photo feature – An article that is light on writing and heavy on photos, with the text serving only to explain the graphics. In general, the photographer or a staff writer is assigned to write the text for a photo feature.

pitch – A letter or conversation in which a writer tries to persuade an editor to buy his article.

plagiarism – The act of copying another person’s work and passing it off as your own.

press kit – A folder–provided by a company, organization, or association–that provides information on the group itself. Such kits usually include industry statistics and lists of potential interview subjects, as well as explanations of industry terms and trends.

print rights – A publisher’s rights, granted by contract, to print an article on paper, but not to distribute it in an electronic manner or post it on a website or e-zine.

publisher – The person at a publication who oversees the entire operation.  At some publications,  the publisher may also serve as editor-in-chief.  Also, the business entity the edits, produces, markets, and otherwise makes available a printed and/or electronic publication.

    

Q

query letter – A letter of inquiry sent to a publication by a freelance writer as a means of proposing an article idea to the publication. The query letter is designed both to sell the idea of the article and to convince the editor that the writer has the knowledge and skills necessary to complete the article. See also cover letter.

query package – A package sent to a publication by a freelance writer for the purpose of selling an article idea. The package generally contains a query letter; published clips; and a self-addressed, stamped envelope; and may also include an outline of the article and an author biography. See also submission package.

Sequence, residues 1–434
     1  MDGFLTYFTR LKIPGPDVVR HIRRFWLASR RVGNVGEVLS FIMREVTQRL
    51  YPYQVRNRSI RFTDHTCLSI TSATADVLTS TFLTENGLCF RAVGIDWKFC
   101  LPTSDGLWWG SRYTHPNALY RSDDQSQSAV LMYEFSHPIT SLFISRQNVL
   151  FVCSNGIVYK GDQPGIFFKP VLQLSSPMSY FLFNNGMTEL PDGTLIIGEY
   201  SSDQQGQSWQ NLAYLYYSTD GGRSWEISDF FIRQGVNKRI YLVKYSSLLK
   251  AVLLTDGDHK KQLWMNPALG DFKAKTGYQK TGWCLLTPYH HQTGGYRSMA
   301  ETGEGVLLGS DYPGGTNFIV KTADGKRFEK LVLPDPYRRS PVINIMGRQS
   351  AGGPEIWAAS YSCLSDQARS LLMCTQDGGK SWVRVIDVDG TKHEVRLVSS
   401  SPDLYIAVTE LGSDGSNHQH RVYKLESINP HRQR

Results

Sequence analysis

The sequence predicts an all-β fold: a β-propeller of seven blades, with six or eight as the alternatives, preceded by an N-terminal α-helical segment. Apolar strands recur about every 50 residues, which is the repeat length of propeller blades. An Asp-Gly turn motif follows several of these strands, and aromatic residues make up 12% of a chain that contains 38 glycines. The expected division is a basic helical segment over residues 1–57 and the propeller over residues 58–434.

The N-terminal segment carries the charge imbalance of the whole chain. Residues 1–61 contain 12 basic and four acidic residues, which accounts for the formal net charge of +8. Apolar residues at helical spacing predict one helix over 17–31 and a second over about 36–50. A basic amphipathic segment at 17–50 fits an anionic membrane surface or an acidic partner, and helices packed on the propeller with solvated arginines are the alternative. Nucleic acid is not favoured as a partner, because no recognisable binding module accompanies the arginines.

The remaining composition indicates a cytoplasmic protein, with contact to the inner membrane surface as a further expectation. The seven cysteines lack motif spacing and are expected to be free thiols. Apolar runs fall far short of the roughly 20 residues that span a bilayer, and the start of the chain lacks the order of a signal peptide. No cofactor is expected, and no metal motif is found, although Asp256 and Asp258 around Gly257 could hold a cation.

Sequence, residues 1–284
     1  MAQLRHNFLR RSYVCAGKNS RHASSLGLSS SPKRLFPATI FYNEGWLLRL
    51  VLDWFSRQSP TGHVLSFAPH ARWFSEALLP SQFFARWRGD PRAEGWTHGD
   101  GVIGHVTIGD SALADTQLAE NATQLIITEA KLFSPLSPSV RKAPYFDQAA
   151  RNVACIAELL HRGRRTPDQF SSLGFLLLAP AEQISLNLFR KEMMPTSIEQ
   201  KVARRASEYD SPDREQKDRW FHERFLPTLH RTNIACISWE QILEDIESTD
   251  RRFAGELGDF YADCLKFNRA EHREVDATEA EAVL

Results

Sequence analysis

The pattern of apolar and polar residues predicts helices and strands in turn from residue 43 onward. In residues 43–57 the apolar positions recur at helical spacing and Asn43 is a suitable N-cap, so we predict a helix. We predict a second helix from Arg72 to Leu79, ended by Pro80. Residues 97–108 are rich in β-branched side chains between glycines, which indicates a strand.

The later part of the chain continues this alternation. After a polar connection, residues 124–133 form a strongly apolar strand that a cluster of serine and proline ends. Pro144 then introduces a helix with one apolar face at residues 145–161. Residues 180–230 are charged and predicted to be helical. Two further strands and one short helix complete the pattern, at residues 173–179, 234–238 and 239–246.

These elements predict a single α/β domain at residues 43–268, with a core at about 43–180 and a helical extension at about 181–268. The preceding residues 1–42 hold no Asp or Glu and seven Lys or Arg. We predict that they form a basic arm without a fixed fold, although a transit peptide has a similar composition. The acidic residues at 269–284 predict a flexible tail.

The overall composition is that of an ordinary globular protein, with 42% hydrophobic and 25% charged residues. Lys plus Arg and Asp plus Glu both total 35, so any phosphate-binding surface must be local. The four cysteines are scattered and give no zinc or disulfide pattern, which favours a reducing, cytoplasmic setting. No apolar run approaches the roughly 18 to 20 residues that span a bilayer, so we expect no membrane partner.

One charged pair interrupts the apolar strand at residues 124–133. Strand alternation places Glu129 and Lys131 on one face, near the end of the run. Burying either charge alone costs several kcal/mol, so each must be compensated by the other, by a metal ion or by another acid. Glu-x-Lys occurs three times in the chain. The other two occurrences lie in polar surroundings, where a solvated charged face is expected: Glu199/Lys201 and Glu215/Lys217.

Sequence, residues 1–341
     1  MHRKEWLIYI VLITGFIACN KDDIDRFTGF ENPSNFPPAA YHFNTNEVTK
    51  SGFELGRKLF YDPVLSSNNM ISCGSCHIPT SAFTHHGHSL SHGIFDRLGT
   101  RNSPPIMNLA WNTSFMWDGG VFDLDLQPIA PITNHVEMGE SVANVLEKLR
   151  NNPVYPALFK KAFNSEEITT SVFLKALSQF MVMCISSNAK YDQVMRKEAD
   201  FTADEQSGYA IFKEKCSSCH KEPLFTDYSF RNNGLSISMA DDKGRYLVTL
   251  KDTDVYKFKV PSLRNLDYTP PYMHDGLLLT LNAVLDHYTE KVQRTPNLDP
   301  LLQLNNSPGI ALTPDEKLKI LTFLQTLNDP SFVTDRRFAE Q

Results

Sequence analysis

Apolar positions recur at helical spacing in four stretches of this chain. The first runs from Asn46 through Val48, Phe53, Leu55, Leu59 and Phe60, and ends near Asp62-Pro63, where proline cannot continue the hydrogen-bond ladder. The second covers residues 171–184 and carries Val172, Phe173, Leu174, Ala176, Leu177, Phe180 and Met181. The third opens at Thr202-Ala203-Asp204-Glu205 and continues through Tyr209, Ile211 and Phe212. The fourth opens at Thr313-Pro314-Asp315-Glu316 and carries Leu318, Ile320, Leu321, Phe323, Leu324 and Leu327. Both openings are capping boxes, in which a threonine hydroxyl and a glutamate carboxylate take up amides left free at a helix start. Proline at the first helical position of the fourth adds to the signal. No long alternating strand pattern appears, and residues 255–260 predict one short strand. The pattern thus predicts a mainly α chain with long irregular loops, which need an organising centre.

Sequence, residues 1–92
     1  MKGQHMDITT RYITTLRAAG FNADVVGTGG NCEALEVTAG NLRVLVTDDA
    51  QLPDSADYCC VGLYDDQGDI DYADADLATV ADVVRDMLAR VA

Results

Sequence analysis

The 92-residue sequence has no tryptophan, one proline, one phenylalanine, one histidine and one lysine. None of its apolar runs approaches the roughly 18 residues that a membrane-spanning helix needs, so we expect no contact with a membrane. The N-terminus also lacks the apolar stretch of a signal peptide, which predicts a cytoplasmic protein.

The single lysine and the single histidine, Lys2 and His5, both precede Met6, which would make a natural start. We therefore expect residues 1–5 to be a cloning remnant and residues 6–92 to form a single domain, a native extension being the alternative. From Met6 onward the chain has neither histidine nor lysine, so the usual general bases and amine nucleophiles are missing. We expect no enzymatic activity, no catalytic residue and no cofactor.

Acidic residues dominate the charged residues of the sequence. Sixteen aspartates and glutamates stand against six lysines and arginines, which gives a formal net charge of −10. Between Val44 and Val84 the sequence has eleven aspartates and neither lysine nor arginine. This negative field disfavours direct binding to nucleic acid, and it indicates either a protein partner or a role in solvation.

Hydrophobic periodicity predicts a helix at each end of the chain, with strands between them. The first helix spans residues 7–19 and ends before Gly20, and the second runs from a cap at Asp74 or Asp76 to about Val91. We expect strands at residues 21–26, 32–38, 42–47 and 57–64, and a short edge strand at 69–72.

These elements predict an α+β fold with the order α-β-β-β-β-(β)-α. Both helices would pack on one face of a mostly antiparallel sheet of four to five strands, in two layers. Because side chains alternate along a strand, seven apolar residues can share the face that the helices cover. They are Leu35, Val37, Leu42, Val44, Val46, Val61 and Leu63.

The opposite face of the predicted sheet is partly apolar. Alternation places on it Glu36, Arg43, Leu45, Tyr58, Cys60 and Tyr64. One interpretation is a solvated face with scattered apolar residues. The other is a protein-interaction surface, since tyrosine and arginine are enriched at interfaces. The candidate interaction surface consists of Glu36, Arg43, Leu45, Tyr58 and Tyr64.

R

refereed journal – An academic journal at which all submitted articles are rigorously examined by an editorial review board before being accepted. Because the standards of refereed journals are so high, most new academic writers have greater success submitting their work to non-refereed journals.

reprint – An article that previously appeared in one publication, and is later printed in another publication.

reprint rights – The rights, granted in a contract, that permit the publisher to sell an article to another publication after it has appeared in the first one. These rights are also referred to as reprint rights.

round-up – A short, consumer-oriented, third-person article that compiles responses from a variety of people on one subject, or in answer to a particular question. These articles generally run from 500 to 1,000 words in length. Sometimes, these articles are referred to as surveys and incorporate statistics, such as a percentage of respondents who gave one answer over another.

     

S

SASE (SAS) – Self Addressed Stamped Envelope —When asked to include an SASE with a submission, make sure you use the proper postage. There are different rates for outside the U.S., so check with your post office. Never send money for someone to read your work.

SASP – Self Addressed Stamped Postcard —When asked to include an SASP with a submission, make sure you use the proper postage. There are different rates for outside the U.S., so check with your post office. Never send money for someone to read your work.

second person – Writing that has the “you” viewpoint by addressing the reader. This is common in how-to articles–pieces that give advice or information.

second serial rights – The rights, granted in a contract, that permit the publisher to sell an article to another publication after it has appeared in the first one. These rights are also referred to as reprint rights.

secondary magazine – A medium-sized consumer magazine that focuses on a specific niche, or area of interest, and therefore covers a secondary market. Secondary magazines usually fill the gaps left by large magazines, which try to address the needs of many different kinds of readers.

section editor – An editor in charge of one section of a publication, such as health or books.

serial – A magazine or journal published at regular intervals such as weekly, monthly, or quarterly.  Also called periodical.